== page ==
Github Pages + Jekyll + Hydeout


My previous attempt at a Github Pages website used Vue.js to help simplify the construction process. Since the site was mostly meant to serve as a resume website (past project lists, employment history, education, etc.), it was mostly lists of objects. Using Vue.js meant I could construct my lists in JSON format. However, when I wanted to shift gears from a resume website to a blog, I knew that it would take too much time to continue to develop it in Vue.js. Eventually, after some googling, testing, and head-scratching I determined that the best solution is sometimes the simplest. In this case, that means Jekyll.


For this project I had a couple of objectives:

  1. The website should be publishable on Github Pages
  2. The website should have blogging functionality
  3. The website should be easy to update
  4. Teh website should have a simple and pleasing theme

In reviewing all of these requirements, I decided that a Jekyll site published to Github Pages would be the appropriate solution.


While it was not immediately aparent how to implement a Jekyll site (despite this very sussinct tutorial), it can actually be done in relatively few steps assuming you are starting from scratch.


While I could feasibly do all of my development work from within Github, I find it better if I can see my changes live. In order to do that, I needed to prepare a few things:

  1. Download and install Ruby+DevKit using the instructions found here

  2. Find a Jekyll theme that I liked on GitHub. There are many out there (including officially supported GH-pages themes) but I chose Hydeout for this blog. Once i had cloned the repository to my local machine (git clone[user]/[repo].git) I could then rename the containing folder to something more appropriate (in my case, change “hydeout” to “home”).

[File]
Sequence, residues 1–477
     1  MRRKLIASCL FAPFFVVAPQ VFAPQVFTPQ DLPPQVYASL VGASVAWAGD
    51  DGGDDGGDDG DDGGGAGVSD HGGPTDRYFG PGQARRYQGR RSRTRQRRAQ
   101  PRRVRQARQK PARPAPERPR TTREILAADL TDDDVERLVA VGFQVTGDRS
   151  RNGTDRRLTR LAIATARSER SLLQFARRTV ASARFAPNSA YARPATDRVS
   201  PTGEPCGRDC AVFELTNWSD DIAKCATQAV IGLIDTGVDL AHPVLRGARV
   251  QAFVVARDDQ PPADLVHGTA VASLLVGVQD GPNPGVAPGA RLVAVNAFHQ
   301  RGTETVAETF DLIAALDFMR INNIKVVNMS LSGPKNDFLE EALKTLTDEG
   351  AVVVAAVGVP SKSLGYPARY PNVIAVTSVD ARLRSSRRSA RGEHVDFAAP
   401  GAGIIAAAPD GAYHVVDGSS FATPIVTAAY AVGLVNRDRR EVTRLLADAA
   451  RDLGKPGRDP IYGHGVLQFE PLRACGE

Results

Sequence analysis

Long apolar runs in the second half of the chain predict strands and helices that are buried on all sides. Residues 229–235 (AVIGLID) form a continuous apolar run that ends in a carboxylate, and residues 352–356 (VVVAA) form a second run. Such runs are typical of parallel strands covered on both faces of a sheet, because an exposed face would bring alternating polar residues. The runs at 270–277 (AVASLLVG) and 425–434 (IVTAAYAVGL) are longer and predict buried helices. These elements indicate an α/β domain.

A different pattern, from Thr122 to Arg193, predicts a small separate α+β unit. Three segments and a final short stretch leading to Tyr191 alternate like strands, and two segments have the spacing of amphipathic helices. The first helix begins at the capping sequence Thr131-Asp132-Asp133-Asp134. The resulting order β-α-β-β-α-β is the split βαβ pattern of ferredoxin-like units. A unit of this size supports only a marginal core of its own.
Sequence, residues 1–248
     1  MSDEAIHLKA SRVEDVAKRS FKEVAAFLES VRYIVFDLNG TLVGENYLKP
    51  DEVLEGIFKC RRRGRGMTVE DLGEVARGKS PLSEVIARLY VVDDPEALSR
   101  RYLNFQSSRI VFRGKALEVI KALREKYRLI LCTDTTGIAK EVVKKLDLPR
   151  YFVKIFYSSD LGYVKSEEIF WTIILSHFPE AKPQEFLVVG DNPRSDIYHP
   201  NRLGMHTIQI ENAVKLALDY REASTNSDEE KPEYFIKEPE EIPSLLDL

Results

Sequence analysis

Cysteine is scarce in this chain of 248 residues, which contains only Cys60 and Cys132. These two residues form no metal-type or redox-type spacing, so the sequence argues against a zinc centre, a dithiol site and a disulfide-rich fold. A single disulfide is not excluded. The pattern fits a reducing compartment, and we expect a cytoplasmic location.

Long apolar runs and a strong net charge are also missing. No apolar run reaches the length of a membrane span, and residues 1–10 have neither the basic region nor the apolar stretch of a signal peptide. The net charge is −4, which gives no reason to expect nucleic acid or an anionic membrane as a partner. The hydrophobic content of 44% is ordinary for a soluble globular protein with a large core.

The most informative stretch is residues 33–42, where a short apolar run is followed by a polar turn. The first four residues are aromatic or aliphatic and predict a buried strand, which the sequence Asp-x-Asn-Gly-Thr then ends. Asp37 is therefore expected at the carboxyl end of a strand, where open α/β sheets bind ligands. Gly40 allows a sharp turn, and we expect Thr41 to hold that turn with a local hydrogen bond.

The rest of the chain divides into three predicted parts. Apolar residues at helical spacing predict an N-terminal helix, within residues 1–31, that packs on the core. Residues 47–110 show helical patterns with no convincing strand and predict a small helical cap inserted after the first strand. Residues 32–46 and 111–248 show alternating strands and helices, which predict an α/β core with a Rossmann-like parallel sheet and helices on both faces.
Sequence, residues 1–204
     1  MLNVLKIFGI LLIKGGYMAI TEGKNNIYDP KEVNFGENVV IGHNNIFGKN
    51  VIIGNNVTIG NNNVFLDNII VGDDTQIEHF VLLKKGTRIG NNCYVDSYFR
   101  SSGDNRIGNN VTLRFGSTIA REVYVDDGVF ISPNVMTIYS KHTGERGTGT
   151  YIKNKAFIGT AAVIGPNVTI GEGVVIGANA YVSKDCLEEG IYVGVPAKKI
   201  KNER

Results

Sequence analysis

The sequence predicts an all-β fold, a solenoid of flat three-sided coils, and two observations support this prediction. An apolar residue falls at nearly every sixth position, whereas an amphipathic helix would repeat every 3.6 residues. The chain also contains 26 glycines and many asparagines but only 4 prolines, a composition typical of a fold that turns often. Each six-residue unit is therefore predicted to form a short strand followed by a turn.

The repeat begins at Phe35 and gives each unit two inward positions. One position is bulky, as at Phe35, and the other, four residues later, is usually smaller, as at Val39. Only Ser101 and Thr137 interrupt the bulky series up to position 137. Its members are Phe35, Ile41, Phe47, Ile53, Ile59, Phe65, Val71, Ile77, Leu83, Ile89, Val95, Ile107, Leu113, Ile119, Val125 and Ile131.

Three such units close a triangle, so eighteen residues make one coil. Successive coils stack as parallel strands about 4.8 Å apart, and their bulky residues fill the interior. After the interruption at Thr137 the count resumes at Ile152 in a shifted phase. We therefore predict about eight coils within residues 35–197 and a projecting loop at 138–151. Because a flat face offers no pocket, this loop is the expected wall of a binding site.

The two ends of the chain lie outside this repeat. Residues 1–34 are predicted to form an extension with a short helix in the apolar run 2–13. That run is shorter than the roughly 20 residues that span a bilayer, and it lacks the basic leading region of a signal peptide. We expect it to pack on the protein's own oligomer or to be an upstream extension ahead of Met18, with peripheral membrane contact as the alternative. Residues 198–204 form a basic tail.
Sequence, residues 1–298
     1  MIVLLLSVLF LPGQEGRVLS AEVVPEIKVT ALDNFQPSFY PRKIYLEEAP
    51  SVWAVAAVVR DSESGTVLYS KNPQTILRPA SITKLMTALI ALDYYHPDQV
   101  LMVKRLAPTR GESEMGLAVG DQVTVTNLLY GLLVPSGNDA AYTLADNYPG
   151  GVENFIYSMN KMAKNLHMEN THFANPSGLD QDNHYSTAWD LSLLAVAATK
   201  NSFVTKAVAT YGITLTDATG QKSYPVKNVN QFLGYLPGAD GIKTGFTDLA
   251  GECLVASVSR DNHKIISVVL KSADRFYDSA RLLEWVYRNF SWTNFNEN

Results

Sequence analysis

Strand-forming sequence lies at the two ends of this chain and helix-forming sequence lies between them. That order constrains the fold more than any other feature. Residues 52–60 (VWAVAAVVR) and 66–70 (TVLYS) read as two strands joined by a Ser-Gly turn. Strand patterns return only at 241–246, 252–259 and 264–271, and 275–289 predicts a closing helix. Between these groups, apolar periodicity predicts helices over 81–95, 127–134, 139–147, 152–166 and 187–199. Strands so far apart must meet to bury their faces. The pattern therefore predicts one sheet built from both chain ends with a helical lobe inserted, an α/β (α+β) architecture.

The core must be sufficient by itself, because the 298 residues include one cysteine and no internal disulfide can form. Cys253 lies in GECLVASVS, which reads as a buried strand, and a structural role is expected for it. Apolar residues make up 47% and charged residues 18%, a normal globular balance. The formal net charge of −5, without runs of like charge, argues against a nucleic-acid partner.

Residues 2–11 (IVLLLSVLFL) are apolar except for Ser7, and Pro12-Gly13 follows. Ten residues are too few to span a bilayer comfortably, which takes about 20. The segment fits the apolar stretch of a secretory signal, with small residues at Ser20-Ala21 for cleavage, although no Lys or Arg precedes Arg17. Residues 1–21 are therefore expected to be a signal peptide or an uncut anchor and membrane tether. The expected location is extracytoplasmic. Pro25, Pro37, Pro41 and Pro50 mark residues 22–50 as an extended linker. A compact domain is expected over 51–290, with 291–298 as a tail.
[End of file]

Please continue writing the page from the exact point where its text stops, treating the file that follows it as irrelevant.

3. Ensure the theme works by running jekyll serve from within the project directory (./home in this case). After navigating to https://localhost:4000 I could see the theme’s website which means that it works.


Now for the fun part! After I tested the site to ensure operability, I could start to make the blog my own. I took this time to change all personal information, remove demo blog posts, and update miscellaneous information. Some of the _config.yml and other settings that were changed and not so obvious (to me) were:

  • updating the theme to “jekyll-theme-hydeout”
  • updating the budler dependency to version 2.4.1 in jekyll-theme-hydeout.gemspec with the following line: spec.add_development_dependency "bundler", "~> 2.1.4". For some reason, I was running into an issue where it expected version 1.* and all I had was version 2.*. While this is clearly a shortcut, it seems to work now so I’m going with it.
  • When testing I need to make sure that I’m in the root folder (/Home/ in this case) before I run jekyll serve. Failing to do so will cause your build to fail. The same root folder is the folder that I needed to push to github (not the hydeout folder that is bundled with the repo after cloning).
  • The tagline of the website is hidden in /_includes/sidebar.html
  • Turning off commenting with Disqus is done by commenting out the following code in the layout pages (i.e. /_layouts/post.html) % include comments.html %


Moving my site to a public location was fairly straight forward since I’m already familiar with Github Pages. All that was required was to push my home directory (/Home/*) to my github repo under a gh-pages branch. Then, in the repo settings, make it public and tell Github to publish the gh-pages branch.

Final Thoughts

While I’m clearly late to the party, I think Jekyll will be a great solution to my current need. I know there is tremendous room for growth and many areas where I can expand my learning (Ruby is chief among them), but I’m very happy with my shiny new blog for now.